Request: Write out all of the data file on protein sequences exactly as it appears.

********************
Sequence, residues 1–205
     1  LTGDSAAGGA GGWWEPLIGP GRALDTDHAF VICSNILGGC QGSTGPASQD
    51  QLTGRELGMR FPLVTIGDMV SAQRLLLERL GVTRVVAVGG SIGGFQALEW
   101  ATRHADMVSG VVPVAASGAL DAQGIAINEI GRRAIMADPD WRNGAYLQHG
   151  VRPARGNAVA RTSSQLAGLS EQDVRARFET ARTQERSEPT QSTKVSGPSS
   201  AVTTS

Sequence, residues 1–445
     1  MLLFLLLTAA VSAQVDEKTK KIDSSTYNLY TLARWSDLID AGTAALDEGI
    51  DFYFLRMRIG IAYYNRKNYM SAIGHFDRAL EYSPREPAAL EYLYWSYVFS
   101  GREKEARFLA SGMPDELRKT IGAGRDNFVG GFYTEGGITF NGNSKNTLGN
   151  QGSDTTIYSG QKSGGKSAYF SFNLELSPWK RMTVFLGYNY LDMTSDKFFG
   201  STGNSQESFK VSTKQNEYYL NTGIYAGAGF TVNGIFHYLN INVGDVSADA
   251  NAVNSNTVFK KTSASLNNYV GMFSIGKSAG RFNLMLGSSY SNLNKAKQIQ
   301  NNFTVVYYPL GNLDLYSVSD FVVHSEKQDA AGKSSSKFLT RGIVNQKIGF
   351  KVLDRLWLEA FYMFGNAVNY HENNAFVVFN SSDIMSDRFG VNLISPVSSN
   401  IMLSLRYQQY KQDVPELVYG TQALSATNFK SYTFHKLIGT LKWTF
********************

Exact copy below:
Sequence, residues 1–205
     1  LTGDSAAGGA GGWWEPLIGP GRALDTDHAF VICSNILGGC QGSTGPASQD
    51  QLTGRELGMR FPLVTIGDMV SAQRLLLERL GVTRVVAVGG SIGGFQALEW
   101  ATRHADMVSG VVPVAASGAL DAQGIAINEI GRRAIMADPD WRNGAYLQHG
   151  VRPARGNAVA RTSSQLAGLS EQDVRARFET ARTQERSEPT QSTKVSGPSS
   201  AVTTS

Sequence, residues 1–445
     1  MLLFLLLTAA VSAQVDEKTK KIDSSTYNLY TLARWSDLID AGTAALDEGI
    51  DFYFLRMRIG IAYYNRKNYM SAIGHFDRAL EYSPREPAAL EYLYWSYVFS
   101  GREKEARFLA SGMPDELRKT IGAGRDNFVG GFYTEGGITF NGNSKNTLGN
   151  QGSDTTIYSG QKSGGKSAYF SFNLELSPWK RMTVFLGYNY LDMTSDKFFG
   201  STGNSQESFK VSTKQNEYYL NTGIYAGAGF TVNGIFHYLN INVGDVSADA
   251  NAVNSNTVFK KTSASLNNYV GMFSIGKSAG RFNLMLGSSY SNLNKAKQIQ
   301  NNFTVVYYPL GNLDLYSVSD FVVHSEKQDA AGKSSSKFLT RGIVNQKIGF
   351  KVLDRLWLEA FYMFGNAVNY HENNAFVVFN SSDIMSDRFG VNLISPVSSN
   401  IMLSLRYQQY KQDVPELVYG TQALSATNFK SYTFHKLIGT LKWTF